How being uncompetitive costs you money

When buying a property, preparation is everything. Not being prepared can mean that you don’t have your finance approved in time to buy your dream home. Or it can mean that you have not done enough research to know what price you should pay. Or it could mean that it takes you too long to recognize a good property. Any delays caused by not being ready to act quickly can result in you not being in a competitive position. And everything that makes you uncompetitive as a buyer has the potential to cost you money – or it could mean that you simply miss out on the right property.

Conversely, if there are obstacles that slow you down, you run the risk of not being able to act before you run into competition. And if you have to compete, you either spend more money or you miss out.

Here are some of the hurdles that can cost you money:

Waiting for a bank valuation. Find out in advance exactly what your borrowing position is and what price you can go up to before you have less than 20% equity – then get your broker to advise you on the risks of proceeding without a valuation.

Getting a low bank valuation that means you have to shop around for a new finance deal. We suggest advising your broker of recent sales that you think may think  compare well with the property you want to buy. A commercially minded broker will be proactive about ensuring the valuation is realistic – he/she will pass this information onto the property valuer.

Having a bank that won’t give you unconditional approval without having an offer accepted. If you get your offer accepted before you are able to complete the deal you run the risk of the agent using your offer to leverage other buyers. Once again – get an experienced and savvy broker or bank manager who can advise you on the best way to be ready to buy.

A bank that will accept the auction price instead of a valuation yet won’t give you unconditional approval to buy prior. This could result in you missing our completely if the property ends up selling prior to the auction. Or it could force you to compete at auction instead of grabbing an opportunity to buy for a lesser price before auction – this actually happened to somebody we know and it cost them $50K.

Needing to wait for a deposit bond instead of writing a cheque. We always advise clients to ask their broker for other deposit options instead of deposit bonds. They can take days to get, as opposed to writing a cheque, which takes seconds. Some vendors don’t even want to accept deposit bonds.

Not having your deposit money ready in a bank account that you can access. If the money can be transferred within 24 hours you will find the agent will hold off  on depositing your cheque – but if it is locked in a term deposit you could have some difficulties.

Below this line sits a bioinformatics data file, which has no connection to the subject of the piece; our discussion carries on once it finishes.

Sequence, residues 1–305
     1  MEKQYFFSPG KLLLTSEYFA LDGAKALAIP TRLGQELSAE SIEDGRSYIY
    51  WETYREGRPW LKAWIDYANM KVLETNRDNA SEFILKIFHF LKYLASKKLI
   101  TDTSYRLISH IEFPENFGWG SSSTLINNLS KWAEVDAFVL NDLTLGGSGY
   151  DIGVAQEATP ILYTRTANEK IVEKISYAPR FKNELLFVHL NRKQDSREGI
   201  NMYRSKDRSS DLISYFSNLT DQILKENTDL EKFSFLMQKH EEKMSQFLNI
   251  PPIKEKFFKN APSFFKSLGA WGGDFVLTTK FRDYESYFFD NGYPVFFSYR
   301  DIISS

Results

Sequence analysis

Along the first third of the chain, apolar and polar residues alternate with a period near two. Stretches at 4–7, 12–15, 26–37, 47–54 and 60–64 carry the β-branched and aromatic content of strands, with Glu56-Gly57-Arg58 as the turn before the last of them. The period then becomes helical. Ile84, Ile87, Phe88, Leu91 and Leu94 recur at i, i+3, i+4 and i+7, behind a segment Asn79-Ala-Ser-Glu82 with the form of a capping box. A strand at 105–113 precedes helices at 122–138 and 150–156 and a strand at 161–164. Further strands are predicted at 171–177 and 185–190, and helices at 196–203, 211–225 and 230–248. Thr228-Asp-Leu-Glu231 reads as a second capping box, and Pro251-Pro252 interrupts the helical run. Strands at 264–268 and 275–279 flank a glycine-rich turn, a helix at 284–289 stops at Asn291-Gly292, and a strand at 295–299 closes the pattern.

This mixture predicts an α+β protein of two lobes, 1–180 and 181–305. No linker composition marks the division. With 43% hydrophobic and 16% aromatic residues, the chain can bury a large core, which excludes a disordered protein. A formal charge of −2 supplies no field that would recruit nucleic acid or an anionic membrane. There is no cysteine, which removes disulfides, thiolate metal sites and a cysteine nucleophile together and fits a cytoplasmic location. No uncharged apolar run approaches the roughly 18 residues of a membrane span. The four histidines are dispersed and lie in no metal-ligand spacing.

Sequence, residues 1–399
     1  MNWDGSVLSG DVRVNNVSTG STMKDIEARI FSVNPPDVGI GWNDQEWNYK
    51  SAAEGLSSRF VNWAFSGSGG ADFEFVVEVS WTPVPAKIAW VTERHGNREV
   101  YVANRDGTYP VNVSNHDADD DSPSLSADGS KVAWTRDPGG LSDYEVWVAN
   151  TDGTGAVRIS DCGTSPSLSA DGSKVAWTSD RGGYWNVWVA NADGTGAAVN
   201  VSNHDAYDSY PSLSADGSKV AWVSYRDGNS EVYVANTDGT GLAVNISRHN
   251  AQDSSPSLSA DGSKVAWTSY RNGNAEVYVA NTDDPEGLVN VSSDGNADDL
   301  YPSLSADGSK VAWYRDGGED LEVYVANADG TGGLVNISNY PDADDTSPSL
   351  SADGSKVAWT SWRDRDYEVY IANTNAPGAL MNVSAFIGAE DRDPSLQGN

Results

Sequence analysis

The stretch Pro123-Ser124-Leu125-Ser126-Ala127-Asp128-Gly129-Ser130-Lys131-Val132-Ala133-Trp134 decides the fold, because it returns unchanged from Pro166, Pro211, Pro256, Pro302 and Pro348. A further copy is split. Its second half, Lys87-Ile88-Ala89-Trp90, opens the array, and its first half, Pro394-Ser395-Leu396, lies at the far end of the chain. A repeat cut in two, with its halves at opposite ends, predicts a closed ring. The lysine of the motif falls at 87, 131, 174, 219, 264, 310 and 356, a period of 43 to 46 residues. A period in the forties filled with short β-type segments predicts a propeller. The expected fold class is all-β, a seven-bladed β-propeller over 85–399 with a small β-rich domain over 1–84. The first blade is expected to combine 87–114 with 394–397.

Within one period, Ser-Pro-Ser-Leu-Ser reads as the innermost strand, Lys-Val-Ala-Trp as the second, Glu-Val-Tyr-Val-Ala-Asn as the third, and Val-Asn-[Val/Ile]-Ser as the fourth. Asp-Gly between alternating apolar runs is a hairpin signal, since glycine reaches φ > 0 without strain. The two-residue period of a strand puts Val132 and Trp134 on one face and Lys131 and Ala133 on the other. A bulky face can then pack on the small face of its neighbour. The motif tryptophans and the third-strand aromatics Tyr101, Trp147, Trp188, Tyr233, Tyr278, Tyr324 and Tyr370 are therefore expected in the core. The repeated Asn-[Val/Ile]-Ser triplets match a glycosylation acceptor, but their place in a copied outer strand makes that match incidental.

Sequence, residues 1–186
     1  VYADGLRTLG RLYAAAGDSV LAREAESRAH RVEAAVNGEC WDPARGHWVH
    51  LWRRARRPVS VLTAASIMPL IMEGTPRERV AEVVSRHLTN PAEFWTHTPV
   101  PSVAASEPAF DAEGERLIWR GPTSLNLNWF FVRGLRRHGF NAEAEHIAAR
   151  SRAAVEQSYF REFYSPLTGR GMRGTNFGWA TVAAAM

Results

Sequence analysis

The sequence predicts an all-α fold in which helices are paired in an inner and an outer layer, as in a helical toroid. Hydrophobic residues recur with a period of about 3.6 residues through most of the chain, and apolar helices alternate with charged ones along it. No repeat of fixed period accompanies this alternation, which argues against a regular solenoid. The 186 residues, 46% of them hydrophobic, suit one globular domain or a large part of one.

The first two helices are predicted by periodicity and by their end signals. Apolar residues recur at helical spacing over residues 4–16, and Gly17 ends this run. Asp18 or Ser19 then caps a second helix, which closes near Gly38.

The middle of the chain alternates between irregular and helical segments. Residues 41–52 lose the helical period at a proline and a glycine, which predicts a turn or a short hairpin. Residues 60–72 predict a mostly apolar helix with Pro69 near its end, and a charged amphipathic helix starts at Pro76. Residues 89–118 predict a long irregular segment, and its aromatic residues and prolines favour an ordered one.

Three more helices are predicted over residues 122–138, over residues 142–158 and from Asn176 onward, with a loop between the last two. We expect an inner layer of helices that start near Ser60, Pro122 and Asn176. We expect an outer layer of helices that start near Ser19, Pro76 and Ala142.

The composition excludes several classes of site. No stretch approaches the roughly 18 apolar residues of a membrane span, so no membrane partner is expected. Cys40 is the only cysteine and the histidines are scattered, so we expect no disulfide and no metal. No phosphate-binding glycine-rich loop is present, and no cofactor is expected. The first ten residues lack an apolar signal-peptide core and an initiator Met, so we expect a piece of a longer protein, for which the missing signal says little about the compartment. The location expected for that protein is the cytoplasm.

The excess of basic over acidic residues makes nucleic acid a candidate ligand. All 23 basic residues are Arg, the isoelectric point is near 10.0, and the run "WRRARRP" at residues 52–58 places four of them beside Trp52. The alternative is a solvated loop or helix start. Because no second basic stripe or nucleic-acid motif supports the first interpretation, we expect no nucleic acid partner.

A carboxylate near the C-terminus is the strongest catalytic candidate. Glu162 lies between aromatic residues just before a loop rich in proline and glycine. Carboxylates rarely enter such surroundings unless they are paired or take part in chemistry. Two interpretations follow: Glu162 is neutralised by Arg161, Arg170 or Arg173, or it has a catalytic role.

A lawyer that can’t be contacted. We always advise that clients use property specialists, not generalists, who can often be in court instead of being available to advise on the contract at short notice.

Waiting for a building inspector to inspect the property. Decide in advance who you will use when the time comes and have two back-ups that you can call so that you can get the property inspected ASAP if the first one is booked out.

Waiting for a strata report. Sometimes the agent has one that you can buy immediately. We usually take this option if it available. Failing that, don’t wait for your solicitor to order one, this just increases the lead time. Find out the name of a strata search company and book the inspection as soon as you decide you want to go for the property.

We are all about options – if you are able to have all your due diligence completed within a short period of time (ideally a couple of days) and be ready to proceed with either an offer or at auction, you will have the flexibility to act quickly to take advantage of opportunities that may present themselves. Alternatively, you can then sit on your hands if it is more prudent to take your time – as you will be poised, ready to act when the time is right

Further reading:

When should you make an offer on a property?

How to choose a mortgage broker: 5 questions to ask

Do you know when you need to get a bank valuation?


Please note: Good Deeds buyers tips are intended to be of a general nature. Please contact us for advice that is specific to your individual circumstances. You may also need to get advice from other professionals such as an accountant, mortgage broker, financial planner or solicitor.

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